Goldman Sachs Group Inc is expected to report sharply lower quarterly earnings due to weak trading results and a charge for buying back preferred stock from Warren Buffett's Berkshire Hathaway.

Analysts surveyed by Thomson Reuters I/B/E/S on average expect Goldman to post first-quarter earnings of 82 cents per share, down from $5.59 a year earlier.

Goldman bought back $5 billion of preferred stock from Berkshire Hathaway during the quarter, reducing its earnings by $1.6 billion.

Trading weakness is also expected to weigh on results. Last year's first quarter offered a trading bonanza for many Wall Street banks, but making money in that business this year was much tougher, because many markets moved unpredictably.

Oil prices surged and the yen jumped against the dollar. Other markets did not move clearly in any direction, spurring clients to wait on the sidelines.

JPMorgan Chase & Co still managed to post strong trading results last Wednesday, especially in fixed income, currencies and commodities.

Bank of America Corp and Citigroup both reported big trading revenue declines from the year-ago period.

Goldman's bond trading results have in the past correlated with both JPMorgan's and Bank of America's.

JPMorgan's results should translate to a pretty decent quarter at Goldman, but there are examples in the past where some of these big banks did a much better job than others, said Keith B. Davis, an analyst with Farr, Miller & Washington, which owned 100,000 Goldman shares as of Friday afternoon.


More than any other bank on Wall Street, Goldman relies on trading results. That business delivered 56 percent of Goldman's overall net revenue last year, compared with 34 percent for Morgan Stanley, 19 percent for JPMorgan and 16 percent for Bank of America.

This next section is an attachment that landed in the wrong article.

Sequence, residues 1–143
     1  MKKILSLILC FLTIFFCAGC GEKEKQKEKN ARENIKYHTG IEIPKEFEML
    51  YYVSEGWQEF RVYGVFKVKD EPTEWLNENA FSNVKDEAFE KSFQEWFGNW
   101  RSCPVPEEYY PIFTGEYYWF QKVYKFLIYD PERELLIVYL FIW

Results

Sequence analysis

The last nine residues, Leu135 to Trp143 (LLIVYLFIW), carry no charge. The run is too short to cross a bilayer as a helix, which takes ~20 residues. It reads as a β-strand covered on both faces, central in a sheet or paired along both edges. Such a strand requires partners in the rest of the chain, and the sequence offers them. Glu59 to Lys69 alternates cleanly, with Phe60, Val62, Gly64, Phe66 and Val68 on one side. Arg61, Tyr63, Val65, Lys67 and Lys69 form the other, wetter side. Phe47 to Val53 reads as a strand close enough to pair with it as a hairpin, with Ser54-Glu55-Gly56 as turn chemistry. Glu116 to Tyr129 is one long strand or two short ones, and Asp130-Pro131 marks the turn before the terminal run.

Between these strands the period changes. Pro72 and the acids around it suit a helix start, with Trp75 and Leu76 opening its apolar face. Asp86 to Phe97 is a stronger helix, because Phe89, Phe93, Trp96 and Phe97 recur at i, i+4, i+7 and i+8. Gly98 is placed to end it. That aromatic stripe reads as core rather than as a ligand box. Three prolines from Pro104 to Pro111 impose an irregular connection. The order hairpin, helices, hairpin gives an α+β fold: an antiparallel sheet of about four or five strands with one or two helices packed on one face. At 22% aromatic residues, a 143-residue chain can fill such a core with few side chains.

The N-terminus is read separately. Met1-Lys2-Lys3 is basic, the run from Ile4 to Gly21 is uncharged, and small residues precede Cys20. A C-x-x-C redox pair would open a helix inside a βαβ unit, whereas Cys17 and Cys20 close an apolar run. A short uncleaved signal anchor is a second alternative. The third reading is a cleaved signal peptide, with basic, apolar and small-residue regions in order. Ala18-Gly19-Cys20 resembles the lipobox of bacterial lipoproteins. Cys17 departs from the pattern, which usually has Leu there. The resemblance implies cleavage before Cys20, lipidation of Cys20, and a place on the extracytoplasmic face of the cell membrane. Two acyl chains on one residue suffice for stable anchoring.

Over the past month, analysts have been reducing their estimates dramatically for Goldman and Morgan Stanley, mainly due to expectations of weak trading results and special items.

Davis and Wall Street analysts have said that Goldman's stock is undervalued, as investors fret about the political and regulatory environment and pay less attention to its fundamental ability to earn.

Goldman trades at 1.18 times analysts' average estimate of book value, according to Thomson Reuters data, far below historical norms.

But the political risks that Goldman faces were evident last week, when the Senate Permanent Subcommittee on investigations released a report about the financial crisis that painted the bank as a villain.

The report provided detailed evidence of Goldman shorting the housing market and profiting at the expense of clients.

Senator Carl Levin, the Michigan Democrat who heads the subcommittee, accused the company of exploiting clients and accused executives of lying to Congress during a hearing last year.

Levin hinted that Goldman may face further investigations into its practices from the Justice Department or Securities and Exchange Commission.

The SEC settled civil fraud charges against Goldman in July related to one of the deals cited in the subcommittee report. The SEC collected a $550 million fine, while Goldman pledged to make changes to its reporting and disclosure practices, which it has since done. The bank said in January it is changing the way it does business and the way it handles conflicts.

Analysts are skeptical that further action will be taken. However, Goldman shares fell more than 3 percent after the subcommittee's report was made public, reflecting concern within the investor community.

Most people who trade investment banking stocks for a living are much more focused on economics and whether a company is going to earn money and how much money it's going to earn, said Susquehanna Financial Group analyst David Hilder. They're often uncomfortable with regulatory and political risk.

(Editing by Gary Hill and Muralikumar Anantharaman)